Note from BW of Brazil: This has been an ongoing debate that will never cease. Which country, Brazil or the US, is more and which is less racist? Because I have experience in both countries and I publish a blog with a focus on race in Brazil in English, many readers, of course, make the comparison. And as the United States has a history that is far more publicized in terms of racial antagonism, the question is not as easy as one would assume. My view for several years now is that both are absolutely racist, but I argue that Brazil’s style of racism is far more effective.
Why do I say that? Well, in interacting with many African-Americans and Afro-Brazilians over the years, I can say that, in general, persons of visible African descent in Brazil have a less developed understanding of what racism really is. Of course, one could argue that as generations grow further from the Civil Rights and Black Power Movements in the US, the more black Americans are swept into the deceptive “post-racial America” illusion that posits that race is less of an issue now than it was 50 years ago. I would also say that centuries of extensive racial mixing in Brazil make it difficult for people to perceive how interracial unions can exist side by side with racist thought.
When thinking of how many black Brazilians see the issues of race, I’m often reminded of the conversation that US President Theodore Roosevelt had with a Brazilian statesman. The politician opined that the Americans had it all wrong. By segregating black people there, blacks would continue to harbor hostility and rage against the white system, while in Brazil, the race question would disappear, as, through miscegenation, black people themselves would disappear. To be quite honest, the psychological state of both populations is troublesome in many ways, but for me, Brazil’s black people represent where the power structure wants to lead America’s black population. More discussion on this in future posts…
Racism there and here
Here, racism continues as always, almost invisible and silent, except for its victims
By Luiz Henrique Lima
As long as there is racism and racists, I will write against them, denounce them and fight. Similarly, in relation to religious intolerance or other forms of prejudice.
The racist demonstrations in the United States a few days ago (in Charlottesville) inspired both disgust and revolt.
How is it possible that, at this stage in the evolutionary process of mankind, we can still gather thousands of imbeciles with Nazi, swastikas, white hoods, and other allegories and props that evoke the worst in the history of our species?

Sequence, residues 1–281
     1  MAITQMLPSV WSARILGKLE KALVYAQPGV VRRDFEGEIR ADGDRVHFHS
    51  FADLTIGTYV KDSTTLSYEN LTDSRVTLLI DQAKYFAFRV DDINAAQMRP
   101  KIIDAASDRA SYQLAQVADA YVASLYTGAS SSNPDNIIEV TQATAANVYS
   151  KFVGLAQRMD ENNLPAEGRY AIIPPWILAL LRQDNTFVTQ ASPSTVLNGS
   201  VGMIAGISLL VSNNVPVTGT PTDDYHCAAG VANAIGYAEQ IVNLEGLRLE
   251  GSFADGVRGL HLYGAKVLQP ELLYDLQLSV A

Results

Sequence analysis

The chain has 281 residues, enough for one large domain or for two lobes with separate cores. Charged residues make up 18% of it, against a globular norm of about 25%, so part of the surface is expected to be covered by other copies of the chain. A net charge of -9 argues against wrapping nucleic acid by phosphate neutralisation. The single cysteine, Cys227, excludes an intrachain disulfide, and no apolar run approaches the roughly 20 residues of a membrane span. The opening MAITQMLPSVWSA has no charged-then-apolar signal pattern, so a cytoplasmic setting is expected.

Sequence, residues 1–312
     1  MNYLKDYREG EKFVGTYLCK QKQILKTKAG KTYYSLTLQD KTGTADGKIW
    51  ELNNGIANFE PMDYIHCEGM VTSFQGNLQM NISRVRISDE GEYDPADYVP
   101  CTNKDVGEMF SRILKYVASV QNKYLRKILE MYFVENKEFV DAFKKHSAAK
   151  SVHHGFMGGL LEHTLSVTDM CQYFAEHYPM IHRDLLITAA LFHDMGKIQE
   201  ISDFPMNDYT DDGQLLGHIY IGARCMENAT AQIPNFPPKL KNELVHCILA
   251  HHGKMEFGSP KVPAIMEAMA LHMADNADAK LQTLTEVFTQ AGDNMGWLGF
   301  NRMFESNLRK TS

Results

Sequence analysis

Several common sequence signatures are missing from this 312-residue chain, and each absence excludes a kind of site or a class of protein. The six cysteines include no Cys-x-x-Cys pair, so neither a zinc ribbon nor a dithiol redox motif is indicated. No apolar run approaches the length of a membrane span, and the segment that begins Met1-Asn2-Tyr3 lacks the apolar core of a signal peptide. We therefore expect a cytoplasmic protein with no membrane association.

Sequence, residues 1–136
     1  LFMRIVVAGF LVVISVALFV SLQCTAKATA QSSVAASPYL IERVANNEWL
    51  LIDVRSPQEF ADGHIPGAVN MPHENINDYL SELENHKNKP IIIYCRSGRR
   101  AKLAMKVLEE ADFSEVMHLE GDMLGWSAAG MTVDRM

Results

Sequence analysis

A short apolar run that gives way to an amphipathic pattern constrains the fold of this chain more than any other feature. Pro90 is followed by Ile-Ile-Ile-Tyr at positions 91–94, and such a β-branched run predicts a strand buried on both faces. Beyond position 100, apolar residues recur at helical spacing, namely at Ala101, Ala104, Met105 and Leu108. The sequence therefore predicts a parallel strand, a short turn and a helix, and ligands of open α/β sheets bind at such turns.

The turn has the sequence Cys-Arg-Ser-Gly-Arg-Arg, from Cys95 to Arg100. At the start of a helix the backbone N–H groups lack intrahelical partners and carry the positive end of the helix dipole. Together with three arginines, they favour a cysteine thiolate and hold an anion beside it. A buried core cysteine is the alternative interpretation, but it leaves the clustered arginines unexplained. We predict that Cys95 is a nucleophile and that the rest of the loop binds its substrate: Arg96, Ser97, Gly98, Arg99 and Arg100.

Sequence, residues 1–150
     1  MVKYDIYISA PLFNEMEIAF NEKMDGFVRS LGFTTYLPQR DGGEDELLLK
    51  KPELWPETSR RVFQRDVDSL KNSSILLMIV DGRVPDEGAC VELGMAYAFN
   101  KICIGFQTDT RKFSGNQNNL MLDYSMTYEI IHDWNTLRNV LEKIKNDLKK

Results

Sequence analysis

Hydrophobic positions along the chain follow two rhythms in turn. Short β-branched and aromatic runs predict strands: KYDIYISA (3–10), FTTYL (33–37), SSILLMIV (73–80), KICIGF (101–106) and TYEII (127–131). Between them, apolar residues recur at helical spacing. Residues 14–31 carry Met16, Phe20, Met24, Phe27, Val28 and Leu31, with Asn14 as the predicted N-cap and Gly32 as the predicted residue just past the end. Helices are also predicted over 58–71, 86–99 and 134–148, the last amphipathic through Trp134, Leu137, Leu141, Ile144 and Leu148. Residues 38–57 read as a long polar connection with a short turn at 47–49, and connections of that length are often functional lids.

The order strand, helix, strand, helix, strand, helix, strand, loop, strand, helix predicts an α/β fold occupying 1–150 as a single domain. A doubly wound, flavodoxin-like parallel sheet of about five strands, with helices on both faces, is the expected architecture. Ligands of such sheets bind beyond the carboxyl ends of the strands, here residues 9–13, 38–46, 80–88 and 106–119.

How is it possible, in the name of freedom of expression and manifestation, to authorize or justify the preaching of hatred and violence, transgressed as the “supremacy” of an ethnic group?
Our country, it must be said, also has many racists. They are not ostentatious and assumed as in the United States, but equally stupid and perverse, and perhaps more dangerous, precisely because of their hypocrisy and dissimulation.
Recently, at the International Literary Fair in Paraty, the testimony of a retired teacher touched all those who heard it, and it was many millions who watched it through social networks.
In reporting, seventy years later, an episode of discrimination to which she was a child victim, Diva Guimarães was moved and wept, revealing how racist attitudes and words hurt and produce long-lasting sufferings.
Not even this episode – that happened inside a religious school! – was the only one in the life of this teacher from Paraná, nor was she the only black Brazilian to suffer from prejudice.
Through the repercussion of her speech and my own experience, I believe that it is very difficult to find a black Brazilian, of any age, profession or economic condition, who has never experienced any similar kind of embarrassment.
Also a few days ago, I became aware of two episodes involving children and discrimination.
The first, in a coastal resort filled with foreign tourists, where a Brazilian mother forbade her children to play with the only black child there.
The other, in the playground of a gated community, where a nanny, allegedly for a joke, spread to her colleagues that the black child playing there was a bad influence on the others!
Neither this mother nor the nanny will ever assume that they are racist or take to the streets with hoods and torches.
But their “jokes” perpetuate a culture of prejudice and their words attack with great psychological violence the integrity and self-esteem of personalities in formation. They are farmers and teachers of hatred, camouflaged like so many others around us.
Here and there, racism is a shame, a cowardice and an abomination.
In the United States, fortunately, the Charlottesville episode in Virginia produced a tremendous reaction from the respectable leaders of that society. Here, racism continues as ever, almost invisible and silent, except for its victims.
It’s necessary to defeat it.
Source: Midia News